Overview and Facts:
Tourette syndrome is a neurological condition, characterized by sudden movements or sounds (tics) that cannot be controlled. Tics are repeated and involuntary vocalizations or movements. The cause of tics is not yet known. A person with this syndrome might repeatedly shrug his shoulders, blink his eyes or blurt offensive words.
Tourette syndrome is one of the three types of tic disorders – a collective reference to a group of neurodevelopmental and childhood-onset conditions. Besides Tourette syndrome, the other two types are provisional tic disorder and chronic tic disorder. All the three tic disorders are differentiated by the length of time tics persist and the types of tics, viz., vocal, motor or both.
The Tourette syndrome usually starts between 2 and 15 years of age. The average age of developing this syndrome is around 6 years. This neurological condition affects people from all ethnic groups and races. However, males are around four times more prone to develop this condition than females.
Sadly, there is no known cure for Tourette syndrome, but treatment helps relieve its symptoms. Most people with Tourette syndrome do not need medications if the symptoms are mild. The tics often reduce or even disappear after teenage or in early adulthood. Tourette syndrome is named after a French doctor and neurologist, Georges Gilles de la Tourette, who was the first to discover this syndrome in 1885.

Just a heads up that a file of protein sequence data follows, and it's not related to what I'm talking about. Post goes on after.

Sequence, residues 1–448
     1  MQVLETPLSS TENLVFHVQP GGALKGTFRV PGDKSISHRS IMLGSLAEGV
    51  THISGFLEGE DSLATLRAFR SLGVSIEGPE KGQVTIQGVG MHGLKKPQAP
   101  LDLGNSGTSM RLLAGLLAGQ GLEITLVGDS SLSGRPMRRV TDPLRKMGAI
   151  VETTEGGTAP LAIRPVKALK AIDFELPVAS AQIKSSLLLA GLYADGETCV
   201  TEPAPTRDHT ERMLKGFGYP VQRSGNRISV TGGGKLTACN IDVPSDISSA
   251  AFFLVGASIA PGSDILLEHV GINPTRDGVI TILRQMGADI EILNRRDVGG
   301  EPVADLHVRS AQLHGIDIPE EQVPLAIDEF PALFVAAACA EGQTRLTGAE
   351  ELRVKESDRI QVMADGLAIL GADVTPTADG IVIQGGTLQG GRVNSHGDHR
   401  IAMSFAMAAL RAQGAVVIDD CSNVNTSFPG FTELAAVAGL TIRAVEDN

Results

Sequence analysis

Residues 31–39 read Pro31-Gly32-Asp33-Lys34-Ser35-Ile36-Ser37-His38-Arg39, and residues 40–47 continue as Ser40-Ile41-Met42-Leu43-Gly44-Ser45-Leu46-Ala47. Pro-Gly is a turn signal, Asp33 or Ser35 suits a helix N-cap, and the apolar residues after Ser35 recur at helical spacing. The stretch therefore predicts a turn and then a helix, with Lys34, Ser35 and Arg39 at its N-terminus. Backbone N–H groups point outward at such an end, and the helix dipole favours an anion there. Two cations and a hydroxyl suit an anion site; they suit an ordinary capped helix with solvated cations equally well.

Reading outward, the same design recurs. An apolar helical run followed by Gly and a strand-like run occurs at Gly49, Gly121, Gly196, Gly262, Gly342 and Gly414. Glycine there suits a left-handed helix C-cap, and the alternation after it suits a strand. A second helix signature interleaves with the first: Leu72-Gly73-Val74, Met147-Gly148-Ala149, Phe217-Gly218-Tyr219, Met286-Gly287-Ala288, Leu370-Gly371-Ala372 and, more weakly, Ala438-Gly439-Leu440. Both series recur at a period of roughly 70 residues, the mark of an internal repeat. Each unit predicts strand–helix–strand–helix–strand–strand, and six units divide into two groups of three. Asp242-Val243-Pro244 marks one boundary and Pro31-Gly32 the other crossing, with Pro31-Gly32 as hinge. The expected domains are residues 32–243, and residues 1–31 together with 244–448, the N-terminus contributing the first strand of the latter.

Generally, Tourette syndrome runs in families and can co-occur with attention deficit hyperactivity disorder (ADHD), obsessive-compulsive disorder (OCD), sleep disorders, behavioral issues, anxiety, depression or panic disorder. It has been estimated that around 200,000 Americans suffer from severe symptoms of Tourette syndrome, out of which, nearly 2000, including children, experience milder symptoms like chronic vocal or motor tics.
Symptoms of Tourette Syndrome
Tics are sudden, repeated and brief sounds or movements that cannot be controlled. These can range from mild to severe. If a child is suffering from tics, it might or might not be a case of Tourette syndrome. The transient tics vanish within a few months, but if the tics persist for over a year, then it might be Tourette syndrome. For the tics to be classified as Tourette syndrome, they must include at least one vocal tic.
Tics can be classified as below:
- Simple Tics: These are brief, repetitive and sudden tics that only involve few muscle groups.
- Complex Tics: These are coordinated and distinct movement patterns involving several muscle groups.
The tics can also involve sound (vocal tics) or movements (motor tics). Generally, the motor tics begin before the vocal tics. There are various types of tics that people experience.
Several common motor tics observed during Tourette syndrome are as follows:
|Examples of Simple Tics||Examples of Complex Tics|
|Jerking the head||Shaking the head|
|Blinking eyes||Kicking or hitting objects|
|Neck twisting||Copying others’ movements or echopraxia|
|Eye rolling||Making obscene gestures or copropraxia|
Several common vocal tics observed during Tourette syndrome are:
|Examples of Simple Tics||Examples of Complex Tics|